- Uru: Ages Beyond Myst: Set in the present day (2003, the game's release date), Uru is a spin-off of the Myst series. In the 1980's, a group of people discovered the D'ni cavern, and formed the D'ni Restoration Council. The player (who is obviously not the same character as the previous games, since it's 200 years later) is drawn to go to the desert and follows a journey set out by Yeesha that leads the player to find out much about the history and downfall of the D'ni, and about creatures called the Bahro that were enslaved by the D'ni. Uru also includes a massively multiplayer online component, which has been launched, canceled, relaunched, canceled again, and relaunched again throughout its history. After Uru Live was canceled (for the first time), two expansion packs were released with the planned future content for Uru Live. The first, To D'ni, allows the player to explore the D'ni cavern and deals with the fate of the DRC. The second, Path of the Shell, is about a prophecy concerning someone called the Grower (who would bring D'ni back to life) and a D'ni guild master named Kadish who claimed to be the Grower. It currently exists, for free but with no promises of future content updates, in the form of Myst Online: Uru Live. As of 2010 it's open source.
- Myst V: End of Ages: The final Myst game is also set in the present day and is more a sequel to Uru than Myst. The game doesn't state who the player is, but according to Word of God it's Dr. Watson from the DRC (from Uru). The player is set a quest to release a Tablet, that controls/enslaves the Bahro. Both Yeesha and a D'ni survivor called Esher have attempted this quest but failed, and both will aid the player in their own way.
There are also several tie-in novels, authored by the Miller brothers themselvesnote
. Myst: The Book of Atrus
tells the story of Atrus's early life with his grandmother Anna and his father Gehn. Myst: The Book of Ti'ana
tells the story of the downfall of the D'ni (so this takes place before the Book of Atrus). Myst: The Book of D'ni
tells of Atrus's attempts to find D'ni survivors and rebuild the D'ni civilization. And finally, Myst: The Book of Marrim
, which seems to be permanently mired in Development Hell
, though a preview chapter was released with the European Special Edition of Myst V. A fan-produced webcomic adaptation of The Book of Atrus
is in progress here
At one point, there were plans for an independently produced (but still approved by the Miller brothers) Film of the Book
(the Book of Ti'ana
to be precise). The scriptwriters kept a daily-updated blog about their progress, with some rather odd digressions about their personal lives in connection with the project. However, those plans apparently fell through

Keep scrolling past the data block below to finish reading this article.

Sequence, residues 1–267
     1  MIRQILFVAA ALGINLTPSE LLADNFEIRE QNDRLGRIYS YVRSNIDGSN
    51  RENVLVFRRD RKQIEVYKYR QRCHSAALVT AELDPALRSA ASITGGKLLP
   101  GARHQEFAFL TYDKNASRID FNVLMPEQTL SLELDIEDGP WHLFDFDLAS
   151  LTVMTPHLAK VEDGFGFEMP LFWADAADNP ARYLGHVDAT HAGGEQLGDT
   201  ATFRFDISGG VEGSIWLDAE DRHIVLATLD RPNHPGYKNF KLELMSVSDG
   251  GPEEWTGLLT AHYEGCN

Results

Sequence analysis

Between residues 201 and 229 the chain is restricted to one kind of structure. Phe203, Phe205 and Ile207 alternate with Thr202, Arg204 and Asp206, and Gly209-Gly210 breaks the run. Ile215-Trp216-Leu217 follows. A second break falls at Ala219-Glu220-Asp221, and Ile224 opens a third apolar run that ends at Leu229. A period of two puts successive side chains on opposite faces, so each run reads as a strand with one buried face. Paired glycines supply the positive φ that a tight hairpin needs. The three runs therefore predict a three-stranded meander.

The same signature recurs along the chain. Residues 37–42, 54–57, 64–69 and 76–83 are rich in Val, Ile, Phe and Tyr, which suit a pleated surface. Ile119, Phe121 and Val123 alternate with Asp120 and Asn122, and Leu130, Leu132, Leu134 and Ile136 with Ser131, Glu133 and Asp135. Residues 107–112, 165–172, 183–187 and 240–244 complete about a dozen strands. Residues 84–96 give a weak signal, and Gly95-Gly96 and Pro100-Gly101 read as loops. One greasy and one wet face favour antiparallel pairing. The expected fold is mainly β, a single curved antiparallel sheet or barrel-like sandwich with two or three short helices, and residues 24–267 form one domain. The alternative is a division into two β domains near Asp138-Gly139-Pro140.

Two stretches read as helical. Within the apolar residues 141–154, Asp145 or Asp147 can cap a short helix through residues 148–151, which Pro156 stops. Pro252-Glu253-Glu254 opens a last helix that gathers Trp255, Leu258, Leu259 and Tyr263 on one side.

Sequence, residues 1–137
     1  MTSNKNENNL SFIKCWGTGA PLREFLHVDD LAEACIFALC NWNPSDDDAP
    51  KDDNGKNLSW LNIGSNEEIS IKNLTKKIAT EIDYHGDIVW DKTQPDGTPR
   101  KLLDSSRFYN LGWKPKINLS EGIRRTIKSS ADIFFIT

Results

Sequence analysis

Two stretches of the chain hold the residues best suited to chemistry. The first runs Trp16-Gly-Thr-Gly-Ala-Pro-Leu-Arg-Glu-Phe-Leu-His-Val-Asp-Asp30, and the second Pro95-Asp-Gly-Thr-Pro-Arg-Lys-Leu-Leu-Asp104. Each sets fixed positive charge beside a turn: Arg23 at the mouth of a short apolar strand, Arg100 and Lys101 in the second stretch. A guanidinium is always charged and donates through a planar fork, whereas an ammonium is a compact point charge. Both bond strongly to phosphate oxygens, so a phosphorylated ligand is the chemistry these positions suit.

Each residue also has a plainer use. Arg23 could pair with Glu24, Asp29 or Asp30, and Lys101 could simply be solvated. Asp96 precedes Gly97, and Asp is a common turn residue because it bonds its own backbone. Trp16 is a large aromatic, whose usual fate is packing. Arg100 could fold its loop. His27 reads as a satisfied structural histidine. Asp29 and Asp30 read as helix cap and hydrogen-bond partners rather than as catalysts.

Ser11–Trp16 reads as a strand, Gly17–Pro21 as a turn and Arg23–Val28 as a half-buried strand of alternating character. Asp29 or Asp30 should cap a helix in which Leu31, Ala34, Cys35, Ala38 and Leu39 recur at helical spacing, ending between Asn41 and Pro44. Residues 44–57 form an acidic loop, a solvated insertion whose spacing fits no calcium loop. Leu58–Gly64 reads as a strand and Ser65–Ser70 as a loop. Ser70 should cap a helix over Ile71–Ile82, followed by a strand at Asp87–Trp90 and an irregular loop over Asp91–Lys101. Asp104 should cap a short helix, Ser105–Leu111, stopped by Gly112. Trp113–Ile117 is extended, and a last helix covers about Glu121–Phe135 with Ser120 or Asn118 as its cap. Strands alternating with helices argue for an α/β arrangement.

. Instead, Cyan partnered with the TV branch of Legendary Pictures
to create a TV series based on the franchise, with an accompanying game.
The creators of Myst
are also currently making a Spiritual Successor
open/close all folders
Tropes Appearing Across the Series
- Adaptation Expansion: The Book of Atrus webcomic.
- Adult Fear: Knowing your sweet innocent children grew up to become corrupted, criminal psychopaths. This is Atrus's excuse as to why he really really hates (And procrastinates) going back to Myst Island. Too many painful memories.
- Affably Evil: The Terahnee in general.
- After the End: For the D'ni.
- A God Am I: This was Gehn's intention, creating worlds solely to be worshipped as a God, as well as writing in disasters (If not destroying the world completely) if the people act against his wishes
- All There in the Manual:
- Unless you had read The Book of D'ni, you might be surprised at how there is suddenly a new D'ni civilization.
- The Book of Atrus ends with a scene that recaps the page quote, explaining the context of the first game's voice-over and accompanying visuals.
- Alternative Number System: The D'ni have a base 25 system, in keeping with the games' general tendency to use powers of five as Arc Numbers.
- Anachronism Stew: D'ni designed Ages in general. The D'ni have technology which can transport them to other worlds and record messages with holographic video. They had built surveillance cameras, circuit boards, maglev cars, and giant, rotating buildings and structures centuries before Earth would conceive such technology. Yet they still used candles for light and relied on books.
- And Man Grew Proud: The D'ni as a whole seemed to have a problem with this. The process of Age Writing does not actually create worlds (see the Rewriting Reality entry), but many of its practitioners seemed to forget this after a while. It seems you can't swing a stick in D'ni history without hitting a King or other important figure who became drunk on his own skill and committed horrid atrocities to the inhabitants of one or more Ages. Gehn is a great example, thinking himself a god, and Sirrus and Achenar both seem to have fallen into this trap as well. Even Yeesha admits there was a time she felt the same.